Labour cannot win by debating welfare on the Tories' terms

The week I saw how low the right will stoop

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Where have we come to as a country when it is fair game to hijack the deaths of six little children for political ends?

The names of these kids – Jack, John, Jade, Duwayne, Jesse and Jayden – are barely even mentioned. Their killings at the hands of the monstrous Mick Philpott are simply weapons to be used in a three-year onslaught against the welfare state.

Earlier this week, I cautioned that the lessons to be learnt from this atrocity were few: that Philpott represented only himself, much as Harold Shipman was an isolated monster who said nothing about other doctors. I anticipated that the enemies of the welfare state would attempt to capitalise on this horror; I confess I did not prepare myself for the sheer depravity of what would come next. It began with the Daily Mail front page: “Vile product of welfare UK”. Other pundits followed suit, to be joined by George Osborne and David Cameron himself.

This is what we have learnt. Those who have attempted to capitalise on these six deaths have proved themselves to lack basic decency and humanity. A three-year crusade to demonise unemployed and disabled people has culminated in the attempt to represent this lone monster as emblematic of  the entire welfare state. Driven in part by the political spinner Lynton Crosby, the Tory strategy to win the next election is clear: turn large sections of the country against each other.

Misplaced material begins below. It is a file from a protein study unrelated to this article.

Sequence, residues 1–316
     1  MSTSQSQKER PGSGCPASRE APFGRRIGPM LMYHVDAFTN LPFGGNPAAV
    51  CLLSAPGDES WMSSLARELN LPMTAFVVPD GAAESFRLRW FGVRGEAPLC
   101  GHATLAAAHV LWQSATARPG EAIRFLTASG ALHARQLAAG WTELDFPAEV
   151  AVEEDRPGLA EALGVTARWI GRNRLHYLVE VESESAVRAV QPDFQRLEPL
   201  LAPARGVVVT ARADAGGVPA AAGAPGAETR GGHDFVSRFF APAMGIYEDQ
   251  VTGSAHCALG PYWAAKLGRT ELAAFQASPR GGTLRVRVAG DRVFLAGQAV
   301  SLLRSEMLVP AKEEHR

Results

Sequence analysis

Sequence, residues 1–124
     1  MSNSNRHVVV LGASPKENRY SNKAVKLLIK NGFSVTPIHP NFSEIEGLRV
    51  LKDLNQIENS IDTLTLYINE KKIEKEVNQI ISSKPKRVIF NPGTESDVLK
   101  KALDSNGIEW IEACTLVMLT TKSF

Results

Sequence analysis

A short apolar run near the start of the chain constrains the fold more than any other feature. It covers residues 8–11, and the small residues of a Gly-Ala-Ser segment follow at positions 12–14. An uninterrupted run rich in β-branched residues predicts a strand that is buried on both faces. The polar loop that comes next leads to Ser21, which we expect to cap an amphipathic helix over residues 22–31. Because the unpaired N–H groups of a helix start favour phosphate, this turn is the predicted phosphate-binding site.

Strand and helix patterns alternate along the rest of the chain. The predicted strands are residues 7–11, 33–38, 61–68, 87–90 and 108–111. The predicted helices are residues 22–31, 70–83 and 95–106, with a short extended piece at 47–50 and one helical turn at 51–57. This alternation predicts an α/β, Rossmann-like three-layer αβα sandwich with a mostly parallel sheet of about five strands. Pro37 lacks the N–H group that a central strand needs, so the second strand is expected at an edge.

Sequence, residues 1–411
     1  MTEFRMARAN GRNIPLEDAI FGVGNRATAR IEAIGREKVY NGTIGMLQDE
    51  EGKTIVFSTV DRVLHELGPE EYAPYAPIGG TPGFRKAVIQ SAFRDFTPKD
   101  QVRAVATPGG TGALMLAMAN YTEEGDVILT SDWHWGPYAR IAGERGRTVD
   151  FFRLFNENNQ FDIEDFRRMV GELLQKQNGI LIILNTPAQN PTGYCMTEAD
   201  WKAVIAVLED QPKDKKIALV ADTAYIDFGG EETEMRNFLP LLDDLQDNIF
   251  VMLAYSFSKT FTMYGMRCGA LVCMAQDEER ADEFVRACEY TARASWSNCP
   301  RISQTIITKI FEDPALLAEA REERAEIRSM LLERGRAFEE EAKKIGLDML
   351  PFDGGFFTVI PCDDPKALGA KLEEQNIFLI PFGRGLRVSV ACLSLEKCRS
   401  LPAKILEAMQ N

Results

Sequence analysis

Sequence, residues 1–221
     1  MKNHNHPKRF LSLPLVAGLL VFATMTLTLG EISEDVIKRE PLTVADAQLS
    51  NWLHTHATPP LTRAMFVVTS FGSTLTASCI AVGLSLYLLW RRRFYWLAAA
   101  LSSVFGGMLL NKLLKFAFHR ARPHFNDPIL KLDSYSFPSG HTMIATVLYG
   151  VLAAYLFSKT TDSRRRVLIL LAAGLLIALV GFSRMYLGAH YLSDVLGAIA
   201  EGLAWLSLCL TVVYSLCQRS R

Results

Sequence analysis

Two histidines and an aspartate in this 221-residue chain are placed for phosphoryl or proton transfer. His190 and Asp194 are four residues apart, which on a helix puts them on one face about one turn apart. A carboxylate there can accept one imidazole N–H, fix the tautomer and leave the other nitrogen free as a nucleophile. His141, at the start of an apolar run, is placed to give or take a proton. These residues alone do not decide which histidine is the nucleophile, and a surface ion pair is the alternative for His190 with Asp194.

But there is light, too. I spent a lot of time in TV studios this week, trying to fight this tide of poison. I pointed out that, given most of the benefits money he received were tax credits – that is in-work benefits – from the women he abused, the case said nothing about “welfare dependency”; that the welfare state is made up of millions of pensioners, parents who receive child benefit, low-paid workers who receive tax credits, disabled people and those thrown out of work. And the response was overwhelmingly positive.

Tragedies like this have to be removed from public debate. And the separate discussion over the welfare state can be turned around. Let’s talk about reducing welfare spending by stopping subsidising landlords and badly paying bosses. The Labour leadership need to take note. Abandon this to the Tories and lose; or take them on, and you can turn this issue around.

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